‘I am very discouraged’ says American Pastor Marking 500 Days in Turkish Prison

“He’s obviously gone in and out of just kind of discouragement, wondering what’s going to happen, what’s the end game here,”

American pastor Andrew Brunson has been locked up in a Turkish prison for 500 days. The anniversary of Brunson’s captivity passed quietly Monday, but the American Center for Law and Justice is still aggressively working on his case.

Andrew
 On Oct. 7, 2017 Andrew Brunson and his wife, Norine, were summoned to a local police station in Izmir, Turkey. At the time, this didn’t seem like anything to be worried about. The couple, originally from North Carolina, had lived for 23 years in Turkey’s third largest city, where Andrew was the pastor of the Izmir Resurrection Church, a small protestant congregation of about 25. The Brunsons had raised three children in Turkey and had applied for permanent residency. They went willingly to the police station, thinking they were finally going to get it. Instead, Andrew and Norine were taken into custody, accused of missionary activities “against national security,” and told they would be deported. Norine was released on Oct. 9 and so far has been allowed to stay in Turkey, but more than six months later, Andrew remains locked up. On Dec. 11, he was moved to a counter-terrorism center and charged with “membership in an armed terrorist organization.” A judge ordered that he be detained rather than deported.

 

“He still remains merely a suspect of alleged crimes; no indictment has yet to be handed down,” CeCe Heil, executive counsel for the non-profit organization, told CBN News.

The ACLJ is fighting on Brunson’s behalf and reports the pastor wrote a heartfelt note to his wife through an embassy official this month.

“I am very discouraged. Please have prayer for me,” Brunson wrote. “I love you – can’t handle the thought of growing old in this place, without you.”

“I think being trapped in a Turkish prison with really no end in sight has been hard on Pastor Brunson,” Heil said. “Of course he has his faith to sustain him and the prayers of faithful believers all over the world… but as you can imagine, this 500 days in prison, he’s lost quite a bit of weight.”

“He’s obviously gone in and out of just kind of discouragement, wondering what’s going to happen, what’s the end game here,” she added.

Heil said the accusations against Brunson range from membership in an armed terrorist organization to espionage and overthrowing the government. “So very ridiculous claims against an innocent pastor,” she said.

Heil explained to CBN News that under Turkish law, Brunson can remain in prison for seven years without ever being charged. 

Testifying at the US Helsinki Commission hearing late last year, she said, “Pastor Brunson maintains his innocence and denies all the accusations.”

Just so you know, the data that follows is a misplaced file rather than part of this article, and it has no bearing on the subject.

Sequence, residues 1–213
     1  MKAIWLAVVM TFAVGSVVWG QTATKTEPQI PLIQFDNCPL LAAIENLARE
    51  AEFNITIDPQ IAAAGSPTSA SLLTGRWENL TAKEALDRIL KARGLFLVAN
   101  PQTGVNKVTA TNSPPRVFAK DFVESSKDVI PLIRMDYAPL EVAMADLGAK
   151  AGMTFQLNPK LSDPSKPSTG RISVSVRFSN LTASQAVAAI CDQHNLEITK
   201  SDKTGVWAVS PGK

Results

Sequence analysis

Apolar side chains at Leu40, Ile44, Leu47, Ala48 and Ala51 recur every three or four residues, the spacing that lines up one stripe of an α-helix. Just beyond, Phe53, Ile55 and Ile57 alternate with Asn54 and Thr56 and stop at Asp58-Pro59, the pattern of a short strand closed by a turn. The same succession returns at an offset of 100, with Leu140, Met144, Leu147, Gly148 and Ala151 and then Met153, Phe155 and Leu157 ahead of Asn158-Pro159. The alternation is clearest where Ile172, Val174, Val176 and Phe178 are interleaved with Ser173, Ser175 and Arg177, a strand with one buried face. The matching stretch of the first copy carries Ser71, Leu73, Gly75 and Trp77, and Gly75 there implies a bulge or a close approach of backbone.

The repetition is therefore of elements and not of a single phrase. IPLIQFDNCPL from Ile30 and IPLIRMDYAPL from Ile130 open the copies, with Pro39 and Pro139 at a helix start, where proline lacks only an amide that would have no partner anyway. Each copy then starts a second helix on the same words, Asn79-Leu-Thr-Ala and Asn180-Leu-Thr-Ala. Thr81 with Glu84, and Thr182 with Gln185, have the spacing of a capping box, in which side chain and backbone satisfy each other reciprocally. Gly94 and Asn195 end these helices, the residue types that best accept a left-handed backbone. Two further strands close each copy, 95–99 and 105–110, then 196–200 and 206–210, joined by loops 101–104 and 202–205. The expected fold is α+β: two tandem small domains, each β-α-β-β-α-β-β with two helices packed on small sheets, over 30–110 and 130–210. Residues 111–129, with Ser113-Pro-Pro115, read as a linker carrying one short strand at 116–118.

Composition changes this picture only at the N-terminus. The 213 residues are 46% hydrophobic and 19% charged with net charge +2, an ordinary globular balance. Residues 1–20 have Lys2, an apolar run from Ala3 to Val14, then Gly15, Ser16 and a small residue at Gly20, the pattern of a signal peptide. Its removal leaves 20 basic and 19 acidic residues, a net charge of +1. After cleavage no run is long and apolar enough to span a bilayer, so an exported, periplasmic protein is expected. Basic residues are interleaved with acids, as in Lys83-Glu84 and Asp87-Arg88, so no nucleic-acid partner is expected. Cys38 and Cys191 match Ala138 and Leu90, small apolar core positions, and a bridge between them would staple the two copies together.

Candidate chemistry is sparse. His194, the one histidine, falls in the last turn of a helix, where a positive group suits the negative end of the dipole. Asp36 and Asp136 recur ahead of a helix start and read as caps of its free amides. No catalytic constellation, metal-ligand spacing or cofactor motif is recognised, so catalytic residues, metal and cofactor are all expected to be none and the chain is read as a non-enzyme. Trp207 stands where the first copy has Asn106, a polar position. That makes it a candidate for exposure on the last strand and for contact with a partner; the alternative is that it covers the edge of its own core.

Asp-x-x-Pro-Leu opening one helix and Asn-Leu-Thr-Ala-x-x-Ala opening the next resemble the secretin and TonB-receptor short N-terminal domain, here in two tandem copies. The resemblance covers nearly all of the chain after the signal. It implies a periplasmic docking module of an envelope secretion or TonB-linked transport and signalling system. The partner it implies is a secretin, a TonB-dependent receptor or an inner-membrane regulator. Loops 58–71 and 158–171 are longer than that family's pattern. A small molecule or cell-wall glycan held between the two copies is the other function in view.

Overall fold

Prison (1)
 Inside of a prison in Turkey

It seems that Brunson is a political hostage of Turkey. Last year, Turkish President Recep Tayyip Erdogan seemed to indicate that the pastor will only be released when Washington gives Turkey a Muslim cleric living in the US who is Erdogan’s rival.

“..they (the US) get up and say… ‘Give us so and so cleric,'” Erdogan said at a police academy graduation ceremony in Ankara in September, referring to Brunson.

Erdogan then brought up Pennsylvania-based Muslim cleric Fethullah Gulen, saying, “You have a cleric there. You give him to us and we’ll give you this one.”

Turkey has been seeking the extradition of Gulen, who was once Erdogan’s ally, and whose supporters have been blamed for trying to overthrow Erdogan’s government in 2016. Gulen has denied any role in the coup attempt.  Heil said Erdogan even recently talked about a swap.

“It certainly seems that Pastor Brunson has become a political pawn,” she told CBN News. “He lived 23 years in Turkey without any incident, without any problem.”

“After the failed coup attempt in July of 2016, then Pastor Brunson’s suddenly arrested as a national security threat and then remains in prison,” she continued.

“And just recently, President Erdogan has demanded a swap, basically saying a cleric for a cleric or a pastor for a pastor,” Heil said. “You have Fethullah Gulen; we have Pastor Brunson. Let’s do a swap.”

But she doesn’t believe the US will agree to the deal.

“I don’t believe that the US will ever trade prisoners; that’s not the way that we typically operate,” she told CBN News. “So I believe they’ll keep following through with Turkey, who is a NATO ally and continuing to demand his release.”

Heil said President Donald Trump has repeatedly asked for Brunson’s release. In addition, just last week, she said Secretary of State Rex Tillerson met with Erdogan and Turkish Foreign Minister Mevlut Cavusoglu and again asked for the pastor to be freed   

“It seems like this meeting last week between Tillerson, Erdogan and Cavusoglu, it seems like they came out of that meeting hopeful that the US-Turkey relationship will be restored,” Heil said. “So we’re hopeful that Pastor Brunson will be part of that resolution.”

In the meantime, Heil said the most important thing people can do for Brunson is pray for him, but she also encourages taking action by signing an ACLJ petition, “Free Pastor Andrew,” which has more than 426,000 signatures so far.

“That’s very helpful because as we speak to our government as well as Turkish government and European government, it’s very helpful just to show the mass amount of people who have their eyes on this matter and are concerned about this matter and are demanding his release,” she said.